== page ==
the review site with a difference since 1999
On 'Formation' World Tour, Beyonce Through 'Lemonade'-...
Nyle DiMarco's attitude on DWTS is annoying everyone ex...
Ripa's return to 'Live!' is all smiles following Straha...
10 Juicy Lyrics From Beyonce's New Lemonade Album That ...
Prince's last days: What we know ...
Jason Bourne Trailer and Poster Released!...
Why I quit 'Game of Thrones'...
Stephen Colbert teaches Hillary Clinton the proper way ...
'Jungle Book' ensures it: Parade of Disney-classic rema...
Captain America: Civil War reactions ...
Sony Picture Classics presents
"See? I have an angel's face. Everyone says so."
DVD ReviewChimo (Mohammed Khouas) is a 19-year-old Muslim living with his mother in a poor, cramped area outside of Marseilles, and we learn during a voiceover from him that his "life is made up of tiny, useless bits." He is tempted with an enticement from one of his teachers to attend a writing course in Paris, but money is of course an object, and he seems to feel hopelessly trapped in his dead-end neighborhood. The post-9/11 tensions have obviously run just as high in France as they have elsewhere (witness the recent Paris riots), and Chimo and his three thug pals waste their days doing nothing particularly productive. A turning point occurs when Lila (Vahina Giocante), a blonde 16 year old, moves into the largely Arabic community, causing an emotional domino effect of sexual urges to surface.
The first time we see Lila—through the viewfinder of Chimo's video camera—is just after the opening credits, as she is describing in lyrically poetic terms how others see her beauty. She ends her discourse with a startlingly frank question, asking Chimo if he would like to see a certain part of her anatomy. From that moment on director Ziad Doueiri paints the enigmatic Lila as a blend of Lolita-esque temptress and secure woman-child who is relaxed and comfortable with the power of her blossoming sexuality. Chimo and Lila, a modern-day variation of Romeo and Juliet, are drawn to one another as all opposites eventually attract, as both characters flirt and brood as their relationship slowly takes root.
Doueiri adapted the screenplay from the controversial book allegedly by the real-life Chimo, and chunks of the plot are driven in large part by the voiceover narration from his writings, read by Mohammed Khouas, describing the tumultuous effect the girl has had on Chimo's life. It's a natural mix of lust and love, played with a pleasant gentleness by Khouas, as Chimo is drawn into the sexual dynamo that is Giocante's Lila, who imbues the young girl with a uniquely grounded grasp on the power of sex as a lifeforce. Lila has so transfixed Chimo that even when he is out cruising for girls with his friends he envisions the blonde teenager on the hood of the car as they drive through town.
Lila Says is refreshingly frank and honest in its discussion of sexuality, but this isn't just a series of overwrought taboo monologues or artsy preachings, and Doueiri eventually assembles the pieces to deliver an unpredictably sweet romance that is equal parts unconventional, brutal, and gentle. It's an off-balance combination, but the performances by Khouas and Giocante are exceptional throughout, giving Doueiri's film a solid emotional center.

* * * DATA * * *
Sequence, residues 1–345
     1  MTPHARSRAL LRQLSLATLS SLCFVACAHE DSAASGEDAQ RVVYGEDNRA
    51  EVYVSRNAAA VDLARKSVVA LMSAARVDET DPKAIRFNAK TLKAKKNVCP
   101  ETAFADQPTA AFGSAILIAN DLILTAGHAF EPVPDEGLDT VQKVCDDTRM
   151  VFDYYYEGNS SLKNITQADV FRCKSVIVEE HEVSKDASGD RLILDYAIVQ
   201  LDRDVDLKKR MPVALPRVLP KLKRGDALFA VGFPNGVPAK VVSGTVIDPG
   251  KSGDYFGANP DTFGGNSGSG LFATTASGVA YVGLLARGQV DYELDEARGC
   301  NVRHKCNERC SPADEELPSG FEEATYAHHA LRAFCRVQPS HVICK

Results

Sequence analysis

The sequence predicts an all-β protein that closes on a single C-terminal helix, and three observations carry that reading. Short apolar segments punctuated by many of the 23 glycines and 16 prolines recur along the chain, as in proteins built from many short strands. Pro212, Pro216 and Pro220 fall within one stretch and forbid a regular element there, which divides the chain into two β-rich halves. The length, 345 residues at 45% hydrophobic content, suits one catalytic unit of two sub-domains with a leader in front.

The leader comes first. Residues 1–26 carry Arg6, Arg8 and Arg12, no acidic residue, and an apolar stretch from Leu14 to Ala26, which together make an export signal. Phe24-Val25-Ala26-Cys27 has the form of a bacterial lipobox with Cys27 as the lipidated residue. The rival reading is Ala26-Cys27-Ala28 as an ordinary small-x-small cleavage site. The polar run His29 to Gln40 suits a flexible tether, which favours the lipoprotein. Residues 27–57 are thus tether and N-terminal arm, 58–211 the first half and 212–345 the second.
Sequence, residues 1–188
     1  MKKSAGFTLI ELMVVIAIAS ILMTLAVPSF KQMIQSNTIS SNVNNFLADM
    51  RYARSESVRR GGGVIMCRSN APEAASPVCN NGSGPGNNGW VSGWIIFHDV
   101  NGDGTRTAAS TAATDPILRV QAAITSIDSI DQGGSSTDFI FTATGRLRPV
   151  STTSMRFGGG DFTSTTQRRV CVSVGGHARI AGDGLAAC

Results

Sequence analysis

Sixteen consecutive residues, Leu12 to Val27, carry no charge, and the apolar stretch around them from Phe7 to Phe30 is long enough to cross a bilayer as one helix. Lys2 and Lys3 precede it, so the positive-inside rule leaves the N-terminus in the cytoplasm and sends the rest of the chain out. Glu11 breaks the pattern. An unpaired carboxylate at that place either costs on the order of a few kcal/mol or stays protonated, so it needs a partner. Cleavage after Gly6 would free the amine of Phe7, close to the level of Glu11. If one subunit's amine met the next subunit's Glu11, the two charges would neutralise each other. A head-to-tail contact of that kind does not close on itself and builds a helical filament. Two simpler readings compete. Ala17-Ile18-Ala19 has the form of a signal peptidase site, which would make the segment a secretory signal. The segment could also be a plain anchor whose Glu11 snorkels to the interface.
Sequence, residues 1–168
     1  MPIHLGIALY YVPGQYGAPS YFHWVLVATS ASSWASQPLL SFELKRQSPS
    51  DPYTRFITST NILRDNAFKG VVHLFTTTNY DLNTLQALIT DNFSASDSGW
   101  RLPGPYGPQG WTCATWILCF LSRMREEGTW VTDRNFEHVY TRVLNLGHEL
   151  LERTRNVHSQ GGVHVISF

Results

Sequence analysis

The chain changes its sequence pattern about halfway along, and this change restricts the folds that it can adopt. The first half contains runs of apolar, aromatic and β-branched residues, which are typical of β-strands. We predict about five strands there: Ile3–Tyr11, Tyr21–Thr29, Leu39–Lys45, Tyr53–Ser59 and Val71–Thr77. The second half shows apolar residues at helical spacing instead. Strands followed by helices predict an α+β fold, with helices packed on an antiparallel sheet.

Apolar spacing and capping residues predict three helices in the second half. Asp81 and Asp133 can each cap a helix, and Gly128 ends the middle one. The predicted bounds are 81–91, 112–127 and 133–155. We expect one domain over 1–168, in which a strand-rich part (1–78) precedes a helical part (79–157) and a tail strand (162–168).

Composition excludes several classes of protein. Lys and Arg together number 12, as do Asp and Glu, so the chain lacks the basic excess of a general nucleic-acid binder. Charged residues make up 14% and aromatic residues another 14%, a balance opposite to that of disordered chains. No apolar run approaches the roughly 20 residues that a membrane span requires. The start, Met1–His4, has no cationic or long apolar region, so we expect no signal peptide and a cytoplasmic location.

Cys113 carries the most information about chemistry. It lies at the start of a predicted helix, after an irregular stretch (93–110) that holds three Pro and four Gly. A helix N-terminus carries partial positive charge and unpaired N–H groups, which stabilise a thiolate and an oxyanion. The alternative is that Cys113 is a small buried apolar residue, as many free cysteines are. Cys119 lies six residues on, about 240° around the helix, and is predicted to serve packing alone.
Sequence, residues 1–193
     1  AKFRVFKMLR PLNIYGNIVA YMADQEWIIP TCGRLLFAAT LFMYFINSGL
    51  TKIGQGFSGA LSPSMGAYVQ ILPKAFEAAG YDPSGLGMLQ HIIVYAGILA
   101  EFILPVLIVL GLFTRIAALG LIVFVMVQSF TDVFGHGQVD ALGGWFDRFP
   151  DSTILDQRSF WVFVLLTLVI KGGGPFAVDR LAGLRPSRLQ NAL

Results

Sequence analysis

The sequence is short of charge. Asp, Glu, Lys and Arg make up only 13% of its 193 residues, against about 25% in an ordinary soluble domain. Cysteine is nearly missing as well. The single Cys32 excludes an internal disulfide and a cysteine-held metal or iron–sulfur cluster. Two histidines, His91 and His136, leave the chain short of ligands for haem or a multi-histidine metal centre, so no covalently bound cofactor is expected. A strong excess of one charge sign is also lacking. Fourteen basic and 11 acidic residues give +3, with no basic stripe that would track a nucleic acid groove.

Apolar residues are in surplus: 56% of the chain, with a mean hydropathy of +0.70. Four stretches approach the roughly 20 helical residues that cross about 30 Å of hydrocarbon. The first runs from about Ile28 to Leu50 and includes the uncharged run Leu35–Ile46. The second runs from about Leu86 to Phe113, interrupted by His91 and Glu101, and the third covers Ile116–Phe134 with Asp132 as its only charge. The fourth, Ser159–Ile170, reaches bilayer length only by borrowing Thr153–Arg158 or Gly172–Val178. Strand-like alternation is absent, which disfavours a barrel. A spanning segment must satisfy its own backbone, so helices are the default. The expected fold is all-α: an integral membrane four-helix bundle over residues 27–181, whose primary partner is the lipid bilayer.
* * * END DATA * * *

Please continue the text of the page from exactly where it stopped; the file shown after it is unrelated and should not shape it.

As a sidebar to the film itself, there is a scene that appears to have been intentionally altered. I'm a little perplexed as to why Sony felt compelled to digitally blur the sexually explicit images from a graphic novel that Lila and Chimo are reading, especially in a film whose entire infrastructure is built on raw sexuality. It's a very brief scene, but it does figure strongly thematically, and the blurring really minimizes the effect of the intended punch this moment should have had, and it smacks of pick-and-choose censorship. My optimistic side hopes it was a result of some copyright issue, and not outright content control.
Rating for Style: A
Rating for Substance: A+
Image Transfer Review: Nice job from Sony on the 1.85:1 anamorphic widescreen transfer on this one, with a steady palette of bright, crisp colors and well-defined edge detail. The print itself is very clean, with no trace of debris or specking, and no evidence of grain. A small flaw is some minor shimmer and edge enhancement, but it is on the moderate side, and hardly a major hindrance.
Image Transfer Grade: B+
Audio Transfer Review: The sole audio option is a 5.0 French language track. Dialogue is simple and clean, with no distortion, and most of the sound is split across the front channels, with very little in the way of rear channel cues whatsoever. Ziad Doueiri employs a number of songs on the soundtrack during the course of the film, and the presentation lacks the proper depth and punch to really enhance the dramatic effect.
Audio Transfer Grade: B
Disc ExtrasStatic menu
Scene Access with 12 cues
Subtitles/Captions in English with remote access
7 Other Trailer(s) featuring The Baxter, Me And You And Everyone We Know, The Ballad of Jack and Rose, 2046, Heights, Yes, Saraband
Extras Review: The only extras are a set of assorted trailers, led by the promising Michael Showalter comedy The Baxter. The disc is cut into 12 chapters, with optional English subtitles.
Extras Grade: D
Final CommentsHere's a beautifully compelling and unconventional romance, full of forbidden relationships and frank sexuality all connected by the weak-kneed and numbing power of finding one's true love. Provocative, daring and surprisingly sentimental, Ziad Doueiri's film delivers strongly on all emotional cylinders.
One of the year's best. Highly recommended.
|Become a Reviewer | Search | Review Vault | Reviewers
Readers | Webmasters | Privacy | Contact